Our latest newsletter highlights the prevalence of university speech codes and the “you can’t say that” atmosphere they create on campus. These speech codes—which about 65% of public universities have on the books—forbid students from saying anything that university administrators deem offensive, intolerant, or emotionally upsetting. Taken literally and applied across the board, these policies would shut down virtually all discourse on campus (including even presidential debates), turning the “marketplace of ideas” into a ghost town. But they are only enforced selectively to silence particular viewpoints, usually conservative and Christian ones. To university administrators, secular or leftist speech is “provocative” or “challenging” and thus celebrated as essential to the academy. But conservative or Christian ideas are “offensive” or even “hateful,” threaten the university community, and so the students espousing them must either be silenced or sanctioned. So in practice, speech codes allow university officials to decide what ideas can be expressed on campus and to punish anyone who says anything that they do not want students to hear.
Of course, one might wonder whether these dangers are just theoretical. Our newsletter describes how speech codes stifle speech, but Fordham University provides a recent, vivid example of this speech code mentality. College Republicans at Fordham invited Ann Coulter to campus. Unsurprisingly, this sparked significant controversy on campus, leading Fordham’s president, Rev. Joseph McShane, to chastise the group publicly. In a statement, he wrote: “To say that I am disappointed with the judgment and maturity of the College Republicans . . . would be a tremendous understatement.” Why? In his eyes, Ann Coulter’s “rhetoric is often hateful and needlessly provocative—more heat than light—and her message is aimed squarely at the darker side of our nature.” In fact, it constitutes “[h]ate-speech, name-calling, and incivility,” causing him to feel both “disgust” and “great contempt.”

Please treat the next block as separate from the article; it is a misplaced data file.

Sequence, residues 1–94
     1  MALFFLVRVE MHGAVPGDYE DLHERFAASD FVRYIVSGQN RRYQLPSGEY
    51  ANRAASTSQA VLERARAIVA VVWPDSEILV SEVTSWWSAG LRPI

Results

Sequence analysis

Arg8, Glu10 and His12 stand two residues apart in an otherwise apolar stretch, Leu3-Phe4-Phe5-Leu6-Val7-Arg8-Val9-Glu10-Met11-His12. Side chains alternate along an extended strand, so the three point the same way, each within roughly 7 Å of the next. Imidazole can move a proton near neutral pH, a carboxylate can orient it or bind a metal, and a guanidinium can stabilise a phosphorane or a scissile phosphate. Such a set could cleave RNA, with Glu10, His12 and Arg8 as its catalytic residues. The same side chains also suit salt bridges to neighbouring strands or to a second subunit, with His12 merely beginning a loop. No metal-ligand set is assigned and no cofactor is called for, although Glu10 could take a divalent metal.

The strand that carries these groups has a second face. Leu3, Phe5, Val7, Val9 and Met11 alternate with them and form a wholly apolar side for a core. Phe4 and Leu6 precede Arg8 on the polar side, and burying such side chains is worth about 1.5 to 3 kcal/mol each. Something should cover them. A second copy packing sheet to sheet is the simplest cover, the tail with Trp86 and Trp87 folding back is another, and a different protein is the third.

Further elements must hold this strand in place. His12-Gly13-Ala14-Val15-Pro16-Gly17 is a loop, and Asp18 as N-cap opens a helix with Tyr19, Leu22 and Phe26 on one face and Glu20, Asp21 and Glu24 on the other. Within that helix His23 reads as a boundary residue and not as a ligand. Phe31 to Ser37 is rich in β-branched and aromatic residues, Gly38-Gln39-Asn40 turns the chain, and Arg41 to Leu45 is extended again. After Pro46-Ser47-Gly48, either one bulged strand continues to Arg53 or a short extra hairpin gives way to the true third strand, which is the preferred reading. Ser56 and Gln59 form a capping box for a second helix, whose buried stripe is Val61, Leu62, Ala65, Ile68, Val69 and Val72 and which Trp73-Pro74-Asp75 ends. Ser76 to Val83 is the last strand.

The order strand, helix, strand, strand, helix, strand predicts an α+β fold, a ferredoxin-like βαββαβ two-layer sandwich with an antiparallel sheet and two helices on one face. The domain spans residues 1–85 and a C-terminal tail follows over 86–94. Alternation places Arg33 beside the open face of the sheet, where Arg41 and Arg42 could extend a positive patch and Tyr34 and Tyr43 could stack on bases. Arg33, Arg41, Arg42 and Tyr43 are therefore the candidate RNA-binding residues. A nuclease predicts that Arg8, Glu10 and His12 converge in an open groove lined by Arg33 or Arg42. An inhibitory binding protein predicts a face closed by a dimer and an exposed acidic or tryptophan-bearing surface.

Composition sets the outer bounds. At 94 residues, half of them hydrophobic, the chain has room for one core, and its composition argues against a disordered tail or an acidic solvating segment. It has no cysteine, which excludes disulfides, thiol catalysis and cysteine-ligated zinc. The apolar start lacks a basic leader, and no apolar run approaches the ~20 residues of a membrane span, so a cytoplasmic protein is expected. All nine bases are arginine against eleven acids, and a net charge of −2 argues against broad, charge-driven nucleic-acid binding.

Sadly, in the face of this campus outrage and presidential belittling, College Republicans wilted, rescinded its invitation, cancelled the event, and apologized for sparking controversy. And President McShane duly congratulated its contrite leaders because they “acted quickly, took responsibility for their decisions, and expressed their regrets sincerely and eloquently.”
Of course, as a Catholic institution, Fordham is not obligated to protect free speech like a public university must, but President McShane’s response to this lecture still illustrates the “you can’t say that” mentality embodied in speech codes. He decided that Ann Coulter’s ideas and method of expressing them had no place at Fordham, and he used the bully pulpit of his office to scold and manipulate students into silencing themselves. Yet his handwringing about “Fordham’s values” is incredibly selective. After all, a Fordham professor invited Peter Singer—the infanticide-advocating Princeton professor—to lecture on campus, and some law professors are demanding funding for the theatrical pornography of The Vagina Monologues. Yet curiously, President McShane has not issued any statements questioning the “judgment and maturity” of these leftists and their events.
Whether the tool is shaming or sanctions, the goal of speech codes and the mentality that flows from them is the same: to limit campus discourse only to those voices and viewpoints that academia deems acceptable. But the First Amendment has a different goal: to promote full, free, and unfettered debate. And when students are willing to take a stand, university administrators discover a startling truth: when speech codes collide with the First Amendment, speech codes lose.
If you face unconstitutional speech codes on your campus give us a call at 1-800-835-5233 or email us here.